The First Line Game, part II

By Joe Moore

Last month, my blogmate Jim Bell posted a blog called The First Line Game, a cool exercise he and some friends do to have fun with the first lines of their WIP. We’ve often discussed the power (or lack of) that first lines have on the reader. It can’t be emphasized enough how much a first line plays into the scope of the book. For just like first impressions, there is only one shot at a first line. It can set the voice, tone, mood, and overall feel of what’s to come. It can turn you on or put you off—grab you by the throat or shove you away. It’s the fuse that lights the cannon.

Some first lines are short and to the point—built to create the most impact from a quick jab. Others seem to go on and on and on. And only when we arrive at the period at the end do we see how expertly crafted it was for maximum effect.

So in the spirit of sharing what I consider examples of pure genius, true literary craftsmanship, and genuine artistic excellence, I’d like to share what I think are some of the best first lines in literary history. Let’s start with two of the most famous:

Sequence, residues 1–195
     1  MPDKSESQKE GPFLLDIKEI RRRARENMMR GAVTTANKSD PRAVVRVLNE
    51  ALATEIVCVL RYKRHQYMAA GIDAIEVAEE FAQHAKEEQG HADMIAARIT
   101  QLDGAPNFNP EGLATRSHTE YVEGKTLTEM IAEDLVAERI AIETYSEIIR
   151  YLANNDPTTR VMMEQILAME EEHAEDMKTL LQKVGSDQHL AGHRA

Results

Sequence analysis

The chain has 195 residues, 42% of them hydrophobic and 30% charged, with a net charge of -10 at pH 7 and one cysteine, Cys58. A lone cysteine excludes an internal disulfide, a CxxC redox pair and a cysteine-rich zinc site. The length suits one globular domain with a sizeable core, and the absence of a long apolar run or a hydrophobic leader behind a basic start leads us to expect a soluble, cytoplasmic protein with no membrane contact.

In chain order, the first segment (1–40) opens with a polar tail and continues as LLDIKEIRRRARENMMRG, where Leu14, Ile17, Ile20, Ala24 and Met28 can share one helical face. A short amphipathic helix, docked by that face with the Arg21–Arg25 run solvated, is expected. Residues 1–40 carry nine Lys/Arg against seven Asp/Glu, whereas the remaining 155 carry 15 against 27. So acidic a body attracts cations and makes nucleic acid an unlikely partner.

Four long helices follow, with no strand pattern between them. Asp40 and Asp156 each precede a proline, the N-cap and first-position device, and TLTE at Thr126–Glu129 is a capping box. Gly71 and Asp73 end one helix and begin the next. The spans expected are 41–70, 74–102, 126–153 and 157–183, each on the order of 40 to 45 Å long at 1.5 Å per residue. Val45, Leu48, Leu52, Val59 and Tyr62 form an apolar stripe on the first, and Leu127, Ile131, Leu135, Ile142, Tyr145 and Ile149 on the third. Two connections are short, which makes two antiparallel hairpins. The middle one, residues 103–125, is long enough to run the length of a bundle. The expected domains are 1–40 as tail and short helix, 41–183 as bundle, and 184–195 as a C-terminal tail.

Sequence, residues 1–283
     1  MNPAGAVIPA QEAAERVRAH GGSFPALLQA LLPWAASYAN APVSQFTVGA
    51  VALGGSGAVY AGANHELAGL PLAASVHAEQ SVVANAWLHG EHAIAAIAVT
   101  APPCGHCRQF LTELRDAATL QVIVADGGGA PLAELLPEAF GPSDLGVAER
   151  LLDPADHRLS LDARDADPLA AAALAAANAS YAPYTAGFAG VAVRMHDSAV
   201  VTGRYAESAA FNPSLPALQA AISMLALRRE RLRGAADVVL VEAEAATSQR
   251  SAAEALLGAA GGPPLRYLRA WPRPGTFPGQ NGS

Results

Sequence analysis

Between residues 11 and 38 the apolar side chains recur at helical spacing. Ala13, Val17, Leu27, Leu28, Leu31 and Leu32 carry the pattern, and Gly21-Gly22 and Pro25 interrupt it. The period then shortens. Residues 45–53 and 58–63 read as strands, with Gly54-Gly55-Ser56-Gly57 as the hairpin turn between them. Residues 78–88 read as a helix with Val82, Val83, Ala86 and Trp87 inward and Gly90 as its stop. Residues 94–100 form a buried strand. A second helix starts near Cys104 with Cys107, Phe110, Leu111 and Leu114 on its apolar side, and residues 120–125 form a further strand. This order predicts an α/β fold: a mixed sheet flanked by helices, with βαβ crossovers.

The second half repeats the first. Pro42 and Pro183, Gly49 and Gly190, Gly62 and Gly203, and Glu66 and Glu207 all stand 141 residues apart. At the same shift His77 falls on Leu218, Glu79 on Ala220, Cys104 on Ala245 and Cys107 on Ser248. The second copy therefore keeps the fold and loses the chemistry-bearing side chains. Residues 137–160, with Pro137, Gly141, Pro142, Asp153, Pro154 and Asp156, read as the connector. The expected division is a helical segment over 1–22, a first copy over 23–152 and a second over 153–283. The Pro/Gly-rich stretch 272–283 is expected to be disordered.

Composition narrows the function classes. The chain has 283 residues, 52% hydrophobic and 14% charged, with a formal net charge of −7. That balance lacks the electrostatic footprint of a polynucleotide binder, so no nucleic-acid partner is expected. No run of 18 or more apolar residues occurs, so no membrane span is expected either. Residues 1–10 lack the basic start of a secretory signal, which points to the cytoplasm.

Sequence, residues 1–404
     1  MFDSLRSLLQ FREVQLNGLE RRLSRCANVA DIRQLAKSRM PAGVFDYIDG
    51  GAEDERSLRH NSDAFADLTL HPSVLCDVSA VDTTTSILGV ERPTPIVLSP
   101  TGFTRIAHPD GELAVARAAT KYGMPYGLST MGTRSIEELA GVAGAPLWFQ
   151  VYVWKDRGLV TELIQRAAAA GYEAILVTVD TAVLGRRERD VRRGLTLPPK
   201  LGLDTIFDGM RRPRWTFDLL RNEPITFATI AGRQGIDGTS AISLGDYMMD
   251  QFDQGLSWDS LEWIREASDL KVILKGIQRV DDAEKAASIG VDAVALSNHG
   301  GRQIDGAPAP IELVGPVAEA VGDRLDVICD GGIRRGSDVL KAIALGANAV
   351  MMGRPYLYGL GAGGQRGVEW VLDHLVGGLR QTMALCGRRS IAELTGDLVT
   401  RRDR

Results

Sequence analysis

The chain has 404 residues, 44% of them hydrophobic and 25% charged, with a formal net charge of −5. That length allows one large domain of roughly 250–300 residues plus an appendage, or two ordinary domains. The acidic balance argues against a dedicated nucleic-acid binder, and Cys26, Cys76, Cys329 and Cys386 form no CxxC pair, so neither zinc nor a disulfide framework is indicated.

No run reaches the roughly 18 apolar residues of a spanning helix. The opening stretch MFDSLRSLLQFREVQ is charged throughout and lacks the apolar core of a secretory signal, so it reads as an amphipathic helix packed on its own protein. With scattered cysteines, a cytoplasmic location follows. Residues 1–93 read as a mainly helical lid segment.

It was a dark and stormy night; the rain fell in torrents, except at occasional intervals, when it was checked by a violent gust of wind which swept up the streets (for it is in London that our scene lies), rattling along the house-tops, and fiercely agitating the scanty flame of the lamps that struggled against the darkness. —Edward George Bulwer-Lytton, Paul Clifford (1830)

It was the best of times, it was the worst of times, it was the age of wisdom, it was the age of foolishness, it was the epoch of belief, it was the epoch of incredulity, it was the season of Light, it was the season of Darkness, it was the spring of hope, it was the winter of despair. —Charles Dickens, A Tale of Two Cities (1859)

Lolita, light of my life, fire of my loins. —Vladimir Nabokov, Lolita (1955)

I am an invisible man. —Ralph Ellison, Invisible Man (1952)